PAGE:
Both a blessing and a curse, air-conditioning can sometimes seem like the only way to survive the hot torrid summer months.
It’s important, however, that we consider alternatives ways to keep our home cool during the hot summer months. This is especially true for those of us with no air-conditioning or for those wishing to save on energy bills or keen to find more environmentally friendly ways to keep the house cool on the hottest days.
We have gathered some common-sense tips and other less well-known ones to help keep your home livable even on the most scorching days. Do you know them all?
Ways to survive the summer heat (without air conditioning)
1) Close everything
It may seem like a contradiction, but when it’s very hot outside, an open window may well increase the temperature inside. It’s particularly important then that during the hottest part of the day, windows, shutters, awnings and doors are kept closed. It’s also worth keeping internal doors closed too, to keep the air fresh inside as cool as possible.
Before going to sleep, open up everything so as to get what little night breeze there may be into the house and to freshen up the air. As the temperature rises again in the morning, close everything up once more to try and keep it cool inside and the heat out.
If you do find it hard to keep the windows closed during the day, try to only open those on the shadier side of the house and keep the ones facing the sun closed.
2) Turn off the stove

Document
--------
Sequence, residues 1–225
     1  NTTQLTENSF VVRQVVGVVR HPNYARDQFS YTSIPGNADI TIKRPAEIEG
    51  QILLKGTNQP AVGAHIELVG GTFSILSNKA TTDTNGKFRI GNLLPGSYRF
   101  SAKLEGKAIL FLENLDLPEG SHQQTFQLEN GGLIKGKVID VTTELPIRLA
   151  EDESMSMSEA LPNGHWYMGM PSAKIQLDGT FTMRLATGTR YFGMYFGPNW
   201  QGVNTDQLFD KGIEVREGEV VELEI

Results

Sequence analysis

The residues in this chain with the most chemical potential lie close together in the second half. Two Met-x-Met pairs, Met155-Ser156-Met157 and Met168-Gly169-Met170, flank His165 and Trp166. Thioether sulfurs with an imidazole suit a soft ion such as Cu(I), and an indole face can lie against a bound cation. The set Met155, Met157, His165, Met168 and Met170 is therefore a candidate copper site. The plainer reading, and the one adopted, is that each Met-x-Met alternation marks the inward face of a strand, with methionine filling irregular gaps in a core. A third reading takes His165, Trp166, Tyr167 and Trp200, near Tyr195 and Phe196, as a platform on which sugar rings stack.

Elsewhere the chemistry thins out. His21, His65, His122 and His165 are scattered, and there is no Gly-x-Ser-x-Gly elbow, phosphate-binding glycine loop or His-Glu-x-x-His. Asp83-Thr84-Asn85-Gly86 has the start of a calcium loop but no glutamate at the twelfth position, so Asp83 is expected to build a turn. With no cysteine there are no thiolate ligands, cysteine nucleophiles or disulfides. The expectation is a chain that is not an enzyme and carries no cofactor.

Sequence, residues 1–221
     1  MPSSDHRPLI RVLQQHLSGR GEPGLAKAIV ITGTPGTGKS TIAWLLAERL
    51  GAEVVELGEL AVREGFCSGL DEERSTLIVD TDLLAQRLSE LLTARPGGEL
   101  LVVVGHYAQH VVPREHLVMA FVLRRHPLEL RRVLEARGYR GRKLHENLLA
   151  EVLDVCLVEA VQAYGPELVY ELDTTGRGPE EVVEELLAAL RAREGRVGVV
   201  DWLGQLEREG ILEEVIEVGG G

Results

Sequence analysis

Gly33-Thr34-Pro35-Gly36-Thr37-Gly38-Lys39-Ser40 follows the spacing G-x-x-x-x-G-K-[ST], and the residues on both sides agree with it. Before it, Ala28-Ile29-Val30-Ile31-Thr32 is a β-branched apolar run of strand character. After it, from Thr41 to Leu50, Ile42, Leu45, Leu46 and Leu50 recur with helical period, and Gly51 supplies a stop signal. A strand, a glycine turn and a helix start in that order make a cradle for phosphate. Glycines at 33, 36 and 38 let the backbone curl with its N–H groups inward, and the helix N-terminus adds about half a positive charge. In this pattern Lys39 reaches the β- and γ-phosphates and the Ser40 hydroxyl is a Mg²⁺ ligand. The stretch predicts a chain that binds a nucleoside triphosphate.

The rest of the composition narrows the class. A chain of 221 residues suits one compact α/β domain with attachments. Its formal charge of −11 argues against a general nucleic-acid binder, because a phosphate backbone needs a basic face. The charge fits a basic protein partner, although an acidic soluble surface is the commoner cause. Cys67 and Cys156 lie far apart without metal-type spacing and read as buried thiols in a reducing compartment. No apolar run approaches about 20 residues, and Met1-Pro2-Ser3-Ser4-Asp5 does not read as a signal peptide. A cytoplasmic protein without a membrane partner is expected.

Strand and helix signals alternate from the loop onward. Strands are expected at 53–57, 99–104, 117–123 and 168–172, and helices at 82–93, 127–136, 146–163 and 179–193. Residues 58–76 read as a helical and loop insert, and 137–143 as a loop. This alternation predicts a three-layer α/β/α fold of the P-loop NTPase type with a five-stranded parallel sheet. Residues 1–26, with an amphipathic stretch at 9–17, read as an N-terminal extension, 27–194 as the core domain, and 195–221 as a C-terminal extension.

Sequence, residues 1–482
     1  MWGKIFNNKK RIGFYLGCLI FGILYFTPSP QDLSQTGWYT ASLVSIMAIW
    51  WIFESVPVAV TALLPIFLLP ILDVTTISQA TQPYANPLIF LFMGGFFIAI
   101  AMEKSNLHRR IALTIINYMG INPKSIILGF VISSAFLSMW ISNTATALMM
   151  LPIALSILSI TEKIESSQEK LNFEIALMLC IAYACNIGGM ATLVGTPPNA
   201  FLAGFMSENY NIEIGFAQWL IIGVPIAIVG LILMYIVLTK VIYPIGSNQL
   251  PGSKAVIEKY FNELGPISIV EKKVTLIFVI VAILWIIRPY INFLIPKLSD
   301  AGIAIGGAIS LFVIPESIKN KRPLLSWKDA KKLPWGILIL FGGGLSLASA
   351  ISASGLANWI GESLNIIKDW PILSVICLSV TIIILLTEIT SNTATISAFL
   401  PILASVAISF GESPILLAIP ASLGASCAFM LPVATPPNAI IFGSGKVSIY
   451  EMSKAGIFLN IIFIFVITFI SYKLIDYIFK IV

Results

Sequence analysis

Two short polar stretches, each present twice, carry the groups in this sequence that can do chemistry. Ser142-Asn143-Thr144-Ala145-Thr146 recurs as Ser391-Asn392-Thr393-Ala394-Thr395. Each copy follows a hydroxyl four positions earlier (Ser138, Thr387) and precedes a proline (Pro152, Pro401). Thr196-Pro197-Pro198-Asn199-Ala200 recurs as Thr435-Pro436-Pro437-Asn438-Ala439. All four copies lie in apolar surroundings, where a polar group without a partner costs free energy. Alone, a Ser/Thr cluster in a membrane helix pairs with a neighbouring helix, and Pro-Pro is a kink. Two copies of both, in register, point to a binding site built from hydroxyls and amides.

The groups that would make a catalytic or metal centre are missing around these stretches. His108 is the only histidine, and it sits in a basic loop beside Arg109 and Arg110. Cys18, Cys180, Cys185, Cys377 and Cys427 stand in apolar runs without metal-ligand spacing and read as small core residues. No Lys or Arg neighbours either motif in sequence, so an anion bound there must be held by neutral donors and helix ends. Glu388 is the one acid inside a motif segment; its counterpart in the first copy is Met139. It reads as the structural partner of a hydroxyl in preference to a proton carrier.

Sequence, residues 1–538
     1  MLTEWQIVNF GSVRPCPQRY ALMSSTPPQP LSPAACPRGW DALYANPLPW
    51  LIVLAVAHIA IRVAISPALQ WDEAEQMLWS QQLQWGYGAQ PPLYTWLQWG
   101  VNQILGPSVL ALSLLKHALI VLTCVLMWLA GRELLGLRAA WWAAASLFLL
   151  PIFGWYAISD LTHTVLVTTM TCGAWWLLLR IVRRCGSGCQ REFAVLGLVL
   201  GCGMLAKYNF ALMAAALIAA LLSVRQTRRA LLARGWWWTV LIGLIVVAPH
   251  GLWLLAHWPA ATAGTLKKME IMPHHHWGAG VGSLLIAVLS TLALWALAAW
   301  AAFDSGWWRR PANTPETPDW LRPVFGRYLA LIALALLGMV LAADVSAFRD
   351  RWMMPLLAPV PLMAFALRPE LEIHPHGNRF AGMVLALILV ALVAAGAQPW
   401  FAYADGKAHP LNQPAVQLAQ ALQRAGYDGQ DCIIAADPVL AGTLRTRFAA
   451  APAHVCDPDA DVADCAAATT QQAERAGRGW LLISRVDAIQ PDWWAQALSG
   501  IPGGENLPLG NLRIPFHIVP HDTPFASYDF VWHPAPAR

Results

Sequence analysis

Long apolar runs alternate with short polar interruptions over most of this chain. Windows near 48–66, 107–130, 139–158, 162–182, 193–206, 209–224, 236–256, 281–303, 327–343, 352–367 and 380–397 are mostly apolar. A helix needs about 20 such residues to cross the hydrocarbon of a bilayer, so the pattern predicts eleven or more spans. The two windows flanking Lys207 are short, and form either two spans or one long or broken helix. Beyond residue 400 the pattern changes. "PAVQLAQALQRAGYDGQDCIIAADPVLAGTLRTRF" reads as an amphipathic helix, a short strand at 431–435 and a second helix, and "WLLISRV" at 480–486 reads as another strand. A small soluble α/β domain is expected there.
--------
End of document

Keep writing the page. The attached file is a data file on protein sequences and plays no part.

In summer it is better to keep domestic activities to a minimum, so use ovens and stoves as little as possible. Try to avoid preparing food which requires a lengthy time in the oven, or if absolutely necessary, use the microwave.
Prioritise fresh ingredients and foods that can be eaten raw which are known to help maintain a healthy level of hydration and keep body temperature down. Keep it light with a refreshing salad, timeless ham and melon or a classic Caprese!
3) Darkness is your friend
Only turn on lights when necessary, especially if you still have the traditional high energy light bulbs which produce a lot of heat. It’s best to opt for LED bulbs, but use them as little as possible.
Did you know that all electronic devices, even if left on standby, produce a small amount of heat? This is one more reason, in addition to saving energy, to turn off and disconnect all household appliances that you are not using.
Ceiling and free-standing fans can go a long way to keeping you cool on the hottest days. They don’t produce cool air, but they can help us stay fresh and feel less hot.
Not everyone knows, however, that ceiling fans need to be adjusted according to the season. In summer, the blades should turn anti-clockwise to direct the air down and create a cool breeze.
A smaller fan, however, needs to be positioned strategically: place it fairly close to you to keep it at the minimum speed, and remember that it consumes electricity just like any other electrical appliance, so turn it off when you leave the room.
5) Get rid of what you don’t need
Not only household appliances, but also carpets, cushions and all the kind of furnishings that make you feel hot just looking at them! The lighter and more minimal your rooms, the cooler they will seem.
Whether you’re at home or out and about, it’s best to keep your clothing light and short, and better to save your silk, satin or polyester sheets until it gets colder. 100% cotton bedding is the ideal choice because it allows for greater air circulation, reduces possible skin irritations and absorbs sweat more easily.
Sleeping on a traditional Japanese futon, instead of a normal bed is also another possible night-time solution to combat the heat. Sleeping as low to the ground as possible is a great option. Hot air tends to rise, so sleeping on a less padded surface than our mattresses may just help. There’s nothing to stop you resorting to the floor either, if your back’s “up to it”